Sarah Carman says It’s great that people in the wellness industry are passionate about what they do, but what isn’t so great is when they assume that their way is best for everyone.


There are so many people in this world who want to improve themselves.

And there are plenty of people ready and waiting to teach others how to do just that.

There are people who can boost your confidence, and people who can revolutionise your relationships. There are people who can perform healing miracles and people who can craft major diet overhauls. There are people who can transform fitness phobics into wellness warriors. There are people who can enhance your motivation. There are even people who can increase the speed at which you live life.

All of these pursuits seem legitimate.

However, anyone who is prone to the “I want what she’s having” mentality should probably proceed with caution. The wellness industry might be well-meaning, but it can also be damaging.

The first problem arises because the people the wellness industry targets often don’t know they have a “problem”. Sometimes, things become problems when they are labelled as such by some guru who knows better. If you happen to be having an off week, or if you are not too self-assured as you well-meaningly peruse the internet, then you might be pushed towards thinking that your way of living is wrong. And not just wrong; very wrong! You must change immediately! Think of all the productivity you’re missing out on!

What happens afterwards is interesting. The same people in the wellness industry who tell you that you’re wrong provide a formula for making you right again. (This formula is something they’ve often poured their heart and soul into, and about which they are incredibly passionate, so in the interests of avoiding a bit of passion-bashing, I won’t make this cruel.)

It’s great that people are passionate about what they do and this should be encouraged. What’s not so great is when people assume that their way is best for everyone. That what they have to share with others should and must be taken up by a large proportion of the people who hear about it. This sort of entitlement is something that younger generations are really good at latching onto, and when it comes to communicating such messages, the internet is proving to be a well-oiled vehicle.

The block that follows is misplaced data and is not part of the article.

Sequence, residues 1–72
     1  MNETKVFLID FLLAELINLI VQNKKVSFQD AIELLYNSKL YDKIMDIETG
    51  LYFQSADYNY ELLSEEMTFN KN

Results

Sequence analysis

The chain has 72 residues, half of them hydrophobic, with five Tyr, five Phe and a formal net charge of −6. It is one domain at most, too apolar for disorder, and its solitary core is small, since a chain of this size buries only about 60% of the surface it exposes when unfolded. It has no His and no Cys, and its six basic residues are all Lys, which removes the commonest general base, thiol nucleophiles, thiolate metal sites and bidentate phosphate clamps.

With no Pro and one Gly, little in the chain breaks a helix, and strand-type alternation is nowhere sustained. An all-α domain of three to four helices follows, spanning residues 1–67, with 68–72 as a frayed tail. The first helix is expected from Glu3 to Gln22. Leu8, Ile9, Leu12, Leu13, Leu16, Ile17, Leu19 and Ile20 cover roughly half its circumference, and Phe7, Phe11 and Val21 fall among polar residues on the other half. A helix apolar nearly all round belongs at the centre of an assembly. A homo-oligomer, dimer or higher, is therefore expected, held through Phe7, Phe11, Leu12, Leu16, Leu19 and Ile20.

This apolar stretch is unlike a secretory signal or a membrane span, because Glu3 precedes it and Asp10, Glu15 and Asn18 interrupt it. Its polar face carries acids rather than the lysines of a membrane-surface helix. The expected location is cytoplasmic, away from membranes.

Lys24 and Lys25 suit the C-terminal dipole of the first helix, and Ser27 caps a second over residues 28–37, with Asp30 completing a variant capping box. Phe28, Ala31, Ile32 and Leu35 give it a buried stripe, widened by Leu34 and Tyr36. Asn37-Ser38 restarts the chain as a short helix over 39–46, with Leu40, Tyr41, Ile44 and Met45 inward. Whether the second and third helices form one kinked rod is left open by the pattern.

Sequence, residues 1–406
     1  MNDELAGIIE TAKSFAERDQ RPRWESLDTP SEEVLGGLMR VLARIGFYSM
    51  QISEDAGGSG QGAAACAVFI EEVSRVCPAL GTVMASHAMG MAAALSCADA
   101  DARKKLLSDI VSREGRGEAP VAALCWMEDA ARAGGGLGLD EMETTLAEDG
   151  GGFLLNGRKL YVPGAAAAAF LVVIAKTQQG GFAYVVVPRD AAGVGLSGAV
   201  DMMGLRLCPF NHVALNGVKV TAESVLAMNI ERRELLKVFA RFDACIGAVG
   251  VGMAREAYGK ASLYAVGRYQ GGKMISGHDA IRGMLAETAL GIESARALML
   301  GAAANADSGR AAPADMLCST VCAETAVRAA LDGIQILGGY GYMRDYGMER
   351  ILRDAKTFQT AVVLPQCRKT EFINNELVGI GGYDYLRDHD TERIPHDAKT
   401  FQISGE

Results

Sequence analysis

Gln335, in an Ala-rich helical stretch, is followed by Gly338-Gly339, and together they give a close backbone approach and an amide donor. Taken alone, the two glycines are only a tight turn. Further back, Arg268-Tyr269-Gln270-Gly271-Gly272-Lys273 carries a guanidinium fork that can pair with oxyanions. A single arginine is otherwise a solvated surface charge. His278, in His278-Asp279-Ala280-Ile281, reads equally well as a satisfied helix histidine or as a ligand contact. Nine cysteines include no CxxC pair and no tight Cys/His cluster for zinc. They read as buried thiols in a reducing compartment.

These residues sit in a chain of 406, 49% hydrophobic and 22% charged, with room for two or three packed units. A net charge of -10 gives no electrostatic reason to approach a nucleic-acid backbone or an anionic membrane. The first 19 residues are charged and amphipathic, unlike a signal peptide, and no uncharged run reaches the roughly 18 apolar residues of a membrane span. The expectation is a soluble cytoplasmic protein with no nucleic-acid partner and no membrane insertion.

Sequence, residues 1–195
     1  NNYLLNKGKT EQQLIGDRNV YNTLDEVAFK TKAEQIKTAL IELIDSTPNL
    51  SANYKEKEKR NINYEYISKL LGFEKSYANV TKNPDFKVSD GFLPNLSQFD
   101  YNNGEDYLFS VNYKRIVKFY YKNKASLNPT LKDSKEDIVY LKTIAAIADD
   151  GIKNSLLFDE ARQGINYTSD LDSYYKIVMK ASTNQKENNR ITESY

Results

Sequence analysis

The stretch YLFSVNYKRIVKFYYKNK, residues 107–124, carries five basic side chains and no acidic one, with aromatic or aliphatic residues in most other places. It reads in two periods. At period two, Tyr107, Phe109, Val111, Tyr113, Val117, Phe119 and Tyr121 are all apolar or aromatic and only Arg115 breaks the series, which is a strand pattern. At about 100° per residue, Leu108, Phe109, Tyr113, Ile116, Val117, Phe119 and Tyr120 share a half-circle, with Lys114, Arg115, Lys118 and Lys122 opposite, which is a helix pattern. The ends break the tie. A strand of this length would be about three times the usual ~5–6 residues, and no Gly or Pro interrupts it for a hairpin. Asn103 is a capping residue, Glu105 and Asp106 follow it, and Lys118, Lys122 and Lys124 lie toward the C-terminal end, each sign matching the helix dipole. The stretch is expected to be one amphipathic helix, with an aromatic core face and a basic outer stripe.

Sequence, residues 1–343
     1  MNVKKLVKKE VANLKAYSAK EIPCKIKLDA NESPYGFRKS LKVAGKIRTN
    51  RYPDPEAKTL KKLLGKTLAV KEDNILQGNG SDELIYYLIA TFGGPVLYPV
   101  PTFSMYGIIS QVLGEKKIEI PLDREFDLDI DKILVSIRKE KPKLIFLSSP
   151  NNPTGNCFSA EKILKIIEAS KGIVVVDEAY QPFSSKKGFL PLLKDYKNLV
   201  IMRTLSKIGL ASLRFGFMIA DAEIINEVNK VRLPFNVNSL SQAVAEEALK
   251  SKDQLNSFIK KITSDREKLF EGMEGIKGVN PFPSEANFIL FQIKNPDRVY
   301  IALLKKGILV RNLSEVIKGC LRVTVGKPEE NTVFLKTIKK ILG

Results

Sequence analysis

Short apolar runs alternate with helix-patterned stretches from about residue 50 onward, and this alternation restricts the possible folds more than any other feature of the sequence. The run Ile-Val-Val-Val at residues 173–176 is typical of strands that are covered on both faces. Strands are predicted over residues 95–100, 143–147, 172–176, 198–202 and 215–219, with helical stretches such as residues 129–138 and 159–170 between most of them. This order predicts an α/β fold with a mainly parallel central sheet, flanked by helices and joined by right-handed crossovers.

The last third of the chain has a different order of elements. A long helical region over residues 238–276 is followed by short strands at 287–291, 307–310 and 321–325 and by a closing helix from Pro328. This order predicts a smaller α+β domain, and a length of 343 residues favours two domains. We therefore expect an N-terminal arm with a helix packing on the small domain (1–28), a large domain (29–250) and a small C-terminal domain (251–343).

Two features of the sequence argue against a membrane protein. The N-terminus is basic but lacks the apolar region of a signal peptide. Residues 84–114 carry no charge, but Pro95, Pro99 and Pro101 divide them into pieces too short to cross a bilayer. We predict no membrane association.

When you’re in the market for new habits or clever ways to improve your life, the impressionable mind does interesting things. It forgets the parameters that your personality provides, and assumes that plenty of what is presented will perfectly mesh with your existing ways. It’s a bit like trying to build an extension on your home, using someone else’s tailored blueprint. Sure, it might have the most incredible spiral staircase at the core of its design. It might also come with an air of legitimacy on account of planning approval from the local council. But if the proposed design doesn’t fit into the block of land you’re living on, it isn’t much use to you, is it?

Here’s a personal example. I’m writing this now at 5:22am. It’s too early for me to be up. I know this. I am, at present, trying to improve my sleep patterns so that I am not up at this time. But today, 5:22 is just when ideas came. I woke up, and there they were. When this happens, I really have to write things down. It’s a weird sensation that I’m not very good at describing. What I can say is that it’s very exciting when words just come to me, and I become a sort of physical object that transfers them to paper. I don’t want to change this, not for all the sleep in the world.

Here’s where I think we need to get to. There is so much information available to people these days, and much of that is put out into the world with at least some degree of financial agenda. I would like to see the self-improvement and wellness industry become less gimmicky, and less reliant on “douchey marketing”, as Marie Forleo puts it. I’d like to see people putting stuff out there with a “Hey, this worked for me and I thought it was great!” mentality. No pressure. No elitism. No establishment of exclusive communities or moral high grounds. No “I’m better than you because I drink chlorophyll.” Just experiential comments that might – maybe, possibly – make other people in this world better versions of themselves. On their terms.

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